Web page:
Commodities that come from the raising of crops and/or animals are called agri commodities. While some agricultural commodities, such as corn or beef, are direct products of the Earth, others such as high fructose corn syrup are derived from them.
The US Commodity Futures Trading Commission defines agri commodties as one among the four categories: (1) the enumerated commodities listed in section 1A of the Commodity Exchange Act, including wheat, cotton, corn, the soyabean complex, livestock, etc.; (2) a general operational definition that covers: “All other commodities that are, or once were, or are derived from, living organisms, including plant, animal and aquatic life, which are generally fungible, within their respective classes, and are used primarily for human food, shelter, animal feed, or natural fibre;” (3) a catch-all category for commodities that will generally be recognised as agricultural in nature, but which don’t fit within the general operational definition: “Tobacco, products of horticulture, and such other commodities used or consumed by animals or humans as the Commission may by rule, regulation, or order designate after notice and opportunity for hearing;” and (4) “Commodity-based indexes based wholly or principally on underlying agricultural commodities.”
Accordingly, ‘Agricultural commodity’ means wheat, cotton, flax, corn, dry beans, oats, barley, rye, tobacco, rice, peanuts, soybeans, sugar beets, sugar cane, tomatoes, grain sorghum, sunflowers, raisins, oranges, sweet corn, dry peas, freezing and canning peas, forage, apples, grapes, potatoes, timber and forests, nursery crops, citrus, and other fruits and vegetables, nuts, tame hay, native grass, aquacultural species (including, but not limited to, any species of finfish, mollusk, crustacean, or other aquatic invertebrate, amphibian, reptile, or aquatic plant propagated or reared in a controlled or selected environment), or any other agricultural commodity, excluding stored grain.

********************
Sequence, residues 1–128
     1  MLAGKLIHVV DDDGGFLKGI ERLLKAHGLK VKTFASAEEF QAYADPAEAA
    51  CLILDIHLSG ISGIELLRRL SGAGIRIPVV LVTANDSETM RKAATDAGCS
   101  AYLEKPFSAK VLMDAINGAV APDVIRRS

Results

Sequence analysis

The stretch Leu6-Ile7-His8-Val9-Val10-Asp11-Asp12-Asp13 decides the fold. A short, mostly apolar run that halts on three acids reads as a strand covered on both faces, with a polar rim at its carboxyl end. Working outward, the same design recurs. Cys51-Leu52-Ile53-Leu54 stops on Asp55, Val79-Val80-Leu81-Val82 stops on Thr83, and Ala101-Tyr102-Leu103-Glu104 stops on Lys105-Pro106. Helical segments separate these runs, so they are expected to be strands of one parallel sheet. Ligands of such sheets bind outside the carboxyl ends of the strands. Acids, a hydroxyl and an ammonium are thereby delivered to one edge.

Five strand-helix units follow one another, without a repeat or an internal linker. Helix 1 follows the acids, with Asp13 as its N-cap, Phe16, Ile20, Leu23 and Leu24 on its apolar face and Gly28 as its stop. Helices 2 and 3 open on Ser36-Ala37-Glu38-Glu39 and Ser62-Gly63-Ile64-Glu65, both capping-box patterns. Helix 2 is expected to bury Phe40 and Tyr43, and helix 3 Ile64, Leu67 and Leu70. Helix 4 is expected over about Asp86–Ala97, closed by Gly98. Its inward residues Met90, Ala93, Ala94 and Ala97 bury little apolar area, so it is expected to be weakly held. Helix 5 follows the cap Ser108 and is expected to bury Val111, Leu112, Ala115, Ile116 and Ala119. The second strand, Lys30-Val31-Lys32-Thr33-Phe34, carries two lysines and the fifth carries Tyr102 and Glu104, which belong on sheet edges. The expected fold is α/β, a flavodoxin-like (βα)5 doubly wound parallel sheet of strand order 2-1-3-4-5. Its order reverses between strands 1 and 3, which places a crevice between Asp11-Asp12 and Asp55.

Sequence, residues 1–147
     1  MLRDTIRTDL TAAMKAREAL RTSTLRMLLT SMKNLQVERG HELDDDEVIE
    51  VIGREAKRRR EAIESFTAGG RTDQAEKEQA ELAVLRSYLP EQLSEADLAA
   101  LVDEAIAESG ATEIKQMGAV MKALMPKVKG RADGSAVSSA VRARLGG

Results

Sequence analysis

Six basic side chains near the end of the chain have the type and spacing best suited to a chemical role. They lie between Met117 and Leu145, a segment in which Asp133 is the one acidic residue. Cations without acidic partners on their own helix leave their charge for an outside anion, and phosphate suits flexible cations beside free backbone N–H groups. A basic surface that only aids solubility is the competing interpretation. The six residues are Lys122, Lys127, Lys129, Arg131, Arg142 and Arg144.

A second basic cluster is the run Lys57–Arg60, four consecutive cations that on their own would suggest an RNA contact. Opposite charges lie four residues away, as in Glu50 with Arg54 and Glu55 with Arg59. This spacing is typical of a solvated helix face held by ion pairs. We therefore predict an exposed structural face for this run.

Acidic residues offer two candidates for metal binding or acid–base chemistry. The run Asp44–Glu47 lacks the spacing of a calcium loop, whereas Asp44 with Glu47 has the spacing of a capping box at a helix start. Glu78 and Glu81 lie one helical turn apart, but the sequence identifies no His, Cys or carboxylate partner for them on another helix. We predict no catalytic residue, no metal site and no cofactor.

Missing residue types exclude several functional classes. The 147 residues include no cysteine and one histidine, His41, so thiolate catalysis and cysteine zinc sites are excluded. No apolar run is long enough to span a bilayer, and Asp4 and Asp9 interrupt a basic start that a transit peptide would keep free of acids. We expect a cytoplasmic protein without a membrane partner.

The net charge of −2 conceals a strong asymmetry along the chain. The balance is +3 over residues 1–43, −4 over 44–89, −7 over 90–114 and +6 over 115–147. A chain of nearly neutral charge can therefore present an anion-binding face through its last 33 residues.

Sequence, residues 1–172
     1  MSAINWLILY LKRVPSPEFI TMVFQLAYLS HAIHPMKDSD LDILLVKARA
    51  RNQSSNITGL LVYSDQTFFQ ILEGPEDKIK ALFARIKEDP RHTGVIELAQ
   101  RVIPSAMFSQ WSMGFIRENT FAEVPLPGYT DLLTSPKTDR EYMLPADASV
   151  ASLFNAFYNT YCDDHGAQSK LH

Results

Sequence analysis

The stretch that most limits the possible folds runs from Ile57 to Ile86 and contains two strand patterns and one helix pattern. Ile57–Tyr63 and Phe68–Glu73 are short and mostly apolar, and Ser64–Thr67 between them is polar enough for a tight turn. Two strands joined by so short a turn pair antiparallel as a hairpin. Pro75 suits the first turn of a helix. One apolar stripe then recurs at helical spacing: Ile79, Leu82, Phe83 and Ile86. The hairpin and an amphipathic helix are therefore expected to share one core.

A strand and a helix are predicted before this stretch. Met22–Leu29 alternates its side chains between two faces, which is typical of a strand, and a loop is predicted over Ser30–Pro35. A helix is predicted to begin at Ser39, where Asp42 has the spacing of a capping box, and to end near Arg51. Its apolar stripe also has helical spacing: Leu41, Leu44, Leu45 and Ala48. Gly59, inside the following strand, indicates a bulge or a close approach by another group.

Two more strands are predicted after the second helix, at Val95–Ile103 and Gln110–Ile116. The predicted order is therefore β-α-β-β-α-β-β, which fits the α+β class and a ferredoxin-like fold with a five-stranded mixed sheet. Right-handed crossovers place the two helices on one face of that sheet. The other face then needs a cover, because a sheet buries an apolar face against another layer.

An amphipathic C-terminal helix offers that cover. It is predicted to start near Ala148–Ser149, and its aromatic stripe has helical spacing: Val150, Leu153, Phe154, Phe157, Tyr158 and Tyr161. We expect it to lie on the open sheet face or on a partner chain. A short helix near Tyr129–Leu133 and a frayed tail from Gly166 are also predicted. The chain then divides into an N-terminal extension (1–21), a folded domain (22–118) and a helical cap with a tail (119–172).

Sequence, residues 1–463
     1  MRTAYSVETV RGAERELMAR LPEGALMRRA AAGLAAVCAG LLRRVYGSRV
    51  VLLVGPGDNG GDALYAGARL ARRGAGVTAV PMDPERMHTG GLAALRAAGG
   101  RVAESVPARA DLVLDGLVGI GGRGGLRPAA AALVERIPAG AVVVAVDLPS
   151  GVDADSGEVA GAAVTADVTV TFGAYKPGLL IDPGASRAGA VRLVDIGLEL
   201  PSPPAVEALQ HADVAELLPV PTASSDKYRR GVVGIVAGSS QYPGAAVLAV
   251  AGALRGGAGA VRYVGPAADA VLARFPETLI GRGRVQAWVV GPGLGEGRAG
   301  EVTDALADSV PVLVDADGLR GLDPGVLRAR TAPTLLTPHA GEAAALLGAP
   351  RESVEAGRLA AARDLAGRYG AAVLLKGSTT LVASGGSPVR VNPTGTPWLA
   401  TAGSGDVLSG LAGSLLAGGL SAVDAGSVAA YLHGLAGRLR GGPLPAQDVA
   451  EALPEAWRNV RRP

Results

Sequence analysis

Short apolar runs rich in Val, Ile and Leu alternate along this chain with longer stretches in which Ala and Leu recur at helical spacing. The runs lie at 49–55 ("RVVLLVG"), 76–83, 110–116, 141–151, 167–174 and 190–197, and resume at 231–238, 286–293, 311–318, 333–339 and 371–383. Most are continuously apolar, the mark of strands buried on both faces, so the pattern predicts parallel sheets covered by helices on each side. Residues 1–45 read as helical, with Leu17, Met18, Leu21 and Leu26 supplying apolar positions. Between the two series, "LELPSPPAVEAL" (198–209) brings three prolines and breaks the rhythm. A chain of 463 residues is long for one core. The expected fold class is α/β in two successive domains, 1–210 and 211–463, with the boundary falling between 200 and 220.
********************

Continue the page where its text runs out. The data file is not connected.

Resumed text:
Commodities are split into two types: hard and soft commodities. Hard commodities are typically natural resources that must be mined or extracted (gold, rubber, oil, etc.), whereas soft commodities are agricultural products or livestock (corn, wheat, coffee, sugar, soyabeans, pork, etc.) that are raised.
The trade of agricultural commodities gave rise to the first exchanges in the Middle Ages. Even now, agricultural products are among the most important commodities and futures contracts that are traded.
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